I Wasn't Her Friend

When I was a young girl there was a woman in my life who did not care if I liked her; her role was not to be my friend. I’ll admit she made me mad sometimes, and I didn’t always agree with her. But I knew enough to listen to her.

There were 40 years between us, and I smile thinking how she was so much different at 56 than I am today.  One difference that comes to mind is she went to have her hair done every Saturday morning.  Somehow she managed to keep the hairstyle neat for an entire week.  It still amazes me as I wash, dry and style mine every day that she was able to do that.

Her friends were adults.  And I, the little girl, was her daughter.

She didn’t sit on the floor and play board games with us. She never asked what we wanted to have for dinner; we ate what she cooked. She didn’t want to hear complaints about how uncool it was to have to be home by 10. And we’d better not ask again for an 11 p.m. curfew – or she’d roll it back to 9! I talked with my sister recently, and we remembered how we didn’t get any automatic praise; it had to be earned.

Sometimes she made me angry; I was furious when I came home from my first date with Kevin (now my husband) and excitedly told her how wonderful he was. She told me she was happy I had a great time, but that I shouldn’t get my hopes up. Her words were harsh, but I think she was trying to protect me from getting hurt. In a way I also think she was protecting her own heart, as she found it hard to think of letting her daughter go.

My dad was dying of pancreatic cancer on the day I married Kevin. I was putting on my wedding dress; my father, who had gone down to 90 pounds, was slowly dressing in his tuxedo.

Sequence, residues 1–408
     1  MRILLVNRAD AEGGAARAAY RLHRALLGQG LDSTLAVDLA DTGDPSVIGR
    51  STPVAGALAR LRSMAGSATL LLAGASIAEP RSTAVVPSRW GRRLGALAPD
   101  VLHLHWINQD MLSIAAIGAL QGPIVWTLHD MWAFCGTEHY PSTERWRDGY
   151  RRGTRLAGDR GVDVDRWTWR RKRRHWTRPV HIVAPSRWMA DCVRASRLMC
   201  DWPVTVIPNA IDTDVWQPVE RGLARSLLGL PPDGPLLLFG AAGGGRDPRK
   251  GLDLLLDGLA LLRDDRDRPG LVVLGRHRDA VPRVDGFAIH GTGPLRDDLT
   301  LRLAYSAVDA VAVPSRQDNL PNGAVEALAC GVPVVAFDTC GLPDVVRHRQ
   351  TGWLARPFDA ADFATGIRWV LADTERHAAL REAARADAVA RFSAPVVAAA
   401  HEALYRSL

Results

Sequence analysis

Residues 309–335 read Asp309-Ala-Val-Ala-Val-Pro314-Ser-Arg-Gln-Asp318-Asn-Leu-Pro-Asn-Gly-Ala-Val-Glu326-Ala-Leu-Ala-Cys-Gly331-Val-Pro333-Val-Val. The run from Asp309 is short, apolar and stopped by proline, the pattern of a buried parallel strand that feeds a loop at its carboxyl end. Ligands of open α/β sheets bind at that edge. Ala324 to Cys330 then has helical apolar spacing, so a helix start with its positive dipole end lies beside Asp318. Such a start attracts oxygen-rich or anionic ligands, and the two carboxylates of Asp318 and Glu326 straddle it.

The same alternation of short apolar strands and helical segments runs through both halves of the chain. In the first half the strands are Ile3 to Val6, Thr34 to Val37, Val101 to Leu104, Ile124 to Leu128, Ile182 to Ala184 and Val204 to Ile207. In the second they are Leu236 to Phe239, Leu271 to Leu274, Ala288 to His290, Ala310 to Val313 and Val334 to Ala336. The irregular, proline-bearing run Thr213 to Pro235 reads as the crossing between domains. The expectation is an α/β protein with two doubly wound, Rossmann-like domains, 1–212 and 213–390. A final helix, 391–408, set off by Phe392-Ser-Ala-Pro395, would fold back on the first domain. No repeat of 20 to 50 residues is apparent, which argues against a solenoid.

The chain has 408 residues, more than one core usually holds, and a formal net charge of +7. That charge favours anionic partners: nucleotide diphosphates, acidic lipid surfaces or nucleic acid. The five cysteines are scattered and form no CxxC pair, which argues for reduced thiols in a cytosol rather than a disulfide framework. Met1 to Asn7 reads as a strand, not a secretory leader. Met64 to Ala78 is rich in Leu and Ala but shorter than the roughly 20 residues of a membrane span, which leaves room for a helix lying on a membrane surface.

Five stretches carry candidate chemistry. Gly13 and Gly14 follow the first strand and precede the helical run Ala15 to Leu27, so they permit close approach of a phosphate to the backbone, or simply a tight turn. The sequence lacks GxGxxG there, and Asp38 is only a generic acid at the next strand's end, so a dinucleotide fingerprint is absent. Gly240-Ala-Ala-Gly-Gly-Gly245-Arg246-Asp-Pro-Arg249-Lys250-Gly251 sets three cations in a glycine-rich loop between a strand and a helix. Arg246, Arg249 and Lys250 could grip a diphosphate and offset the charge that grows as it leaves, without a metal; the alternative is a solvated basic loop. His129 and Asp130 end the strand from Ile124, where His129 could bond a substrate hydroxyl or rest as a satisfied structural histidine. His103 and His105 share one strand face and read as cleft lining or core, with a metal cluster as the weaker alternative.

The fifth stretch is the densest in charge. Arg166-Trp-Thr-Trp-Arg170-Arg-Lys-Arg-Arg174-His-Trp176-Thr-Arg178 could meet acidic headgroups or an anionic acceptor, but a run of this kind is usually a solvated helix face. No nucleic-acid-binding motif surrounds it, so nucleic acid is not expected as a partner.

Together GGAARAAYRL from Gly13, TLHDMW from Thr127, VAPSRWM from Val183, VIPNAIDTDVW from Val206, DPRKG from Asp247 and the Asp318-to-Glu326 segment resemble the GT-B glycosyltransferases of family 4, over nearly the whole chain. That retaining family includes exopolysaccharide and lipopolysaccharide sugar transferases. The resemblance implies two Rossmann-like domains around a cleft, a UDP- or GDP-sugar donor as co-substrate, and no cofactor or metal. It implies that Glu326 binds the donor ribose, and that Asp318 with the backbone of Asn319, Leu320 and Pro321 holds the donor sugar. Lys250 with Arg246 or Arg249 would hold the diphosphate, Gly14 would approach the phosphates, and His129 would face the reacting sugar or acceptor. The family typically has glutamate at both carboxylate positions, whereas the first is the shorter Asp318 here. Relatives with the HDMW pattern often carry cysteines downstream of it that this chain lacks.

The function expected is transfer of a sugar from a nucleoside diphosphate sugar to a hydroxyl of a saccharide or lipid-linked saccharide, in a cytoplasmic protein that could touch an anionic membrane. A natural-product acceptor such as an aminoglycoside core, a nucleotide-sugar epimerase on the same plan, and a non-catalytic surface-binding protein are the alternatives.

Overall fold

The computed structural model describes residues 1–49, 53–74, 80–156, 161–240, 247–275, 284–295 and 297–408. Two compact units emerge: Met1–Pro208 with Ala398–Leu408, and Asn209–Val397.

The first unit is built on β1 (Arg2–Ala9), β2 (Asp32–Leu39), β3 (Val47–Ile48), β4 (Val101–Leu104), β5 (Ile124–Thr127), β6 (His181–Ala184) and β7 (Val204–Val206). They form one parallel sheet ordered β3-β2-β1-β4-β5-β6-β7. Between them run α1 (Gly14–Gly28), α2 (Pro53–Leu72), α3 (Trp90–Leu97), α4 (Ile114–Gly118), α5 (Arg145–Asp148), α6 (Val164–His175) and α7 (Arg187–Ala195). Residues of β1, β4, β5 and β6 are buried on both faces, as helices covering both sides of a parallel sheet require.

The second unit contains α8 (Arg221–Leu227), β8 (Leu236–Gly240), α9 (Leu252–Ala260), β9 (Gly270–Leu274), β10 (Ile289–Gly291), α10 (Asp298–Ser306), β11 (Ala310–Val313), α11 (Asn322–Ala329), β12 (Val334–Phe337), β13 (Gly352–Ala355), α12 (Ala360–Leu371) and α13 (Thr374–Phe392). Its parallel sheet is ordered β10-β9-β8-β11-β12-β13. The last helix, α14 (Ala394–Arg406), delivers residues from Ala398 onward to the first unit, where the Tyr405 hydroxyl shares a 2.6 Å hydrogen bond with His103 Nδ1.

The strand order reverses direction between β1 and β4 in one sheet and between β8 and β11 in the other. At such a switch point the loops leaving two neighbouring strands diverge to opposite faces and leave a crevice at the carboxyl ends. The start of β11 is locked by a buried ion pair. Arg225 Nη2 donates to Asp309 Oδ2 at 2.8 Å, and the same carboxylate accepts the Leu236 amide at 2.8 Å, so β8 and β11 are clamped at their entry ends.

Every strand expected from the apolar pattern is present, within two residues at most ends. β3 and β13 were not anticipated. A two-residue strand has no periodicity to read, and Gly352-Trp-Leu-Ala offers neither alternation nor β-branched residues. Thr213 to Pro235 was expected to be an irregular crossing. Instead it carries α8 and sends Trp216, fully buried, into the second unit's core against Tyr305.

Mom came to me and hugged me, asking me to promise that I would never forget her. She was scared; she knew she was weeks away from being alone. I promised her I would never forget her.

For many years I was angry about that. My wedding day was supposed to be happy, and in many ways it was, but it was filled with sadness due to Mom’s losing dad.

I now understand her fears.  I think we all fear the day we will be alone.

Our last holiday together was Valentine’s Day 2012. I had neighbors over and I prepared heart-shaped sandwiches with pink strawberry floats.  We had pink candles and chocolate heart-shaped lollipops.  It was beautiful. We all had a wonderful time. Mom was 93, but she seemed strong and well.

The next day she woke up unable to breathe, and she died twelve days later. My last words to her, the night before she died, were “I love you, Mom.” Despite the tube in her throat, she did her best to answer, “I love you, too.”

To this day I don’t know why I had that Valentine’s Day party; I’d never done that before.

Her funeral was in the church where I’d received the sacraments, gone to Mass every Sunday, and gotten married to Kevin. I said goodbye to my mother with tears running down my face; I proudly gave the eulogy I’d written. I had kept the promise I gave her on my wedding day. She had never been alone.

Mom raised my sister and me to be best friends, and we know we have our mother watching over us every day as she always did.  Something tells us that her hair is in perfect place, too. I’m sure the first place she found in heaven was the beauty shop!

No, I was not her friend, but I am incredibly proud to say I am her daughter.​​

Donna Vesel Ryan, a frequent contributor to ThirdAge, is the founder and editor of the blog www.50plusstickingtogether.com.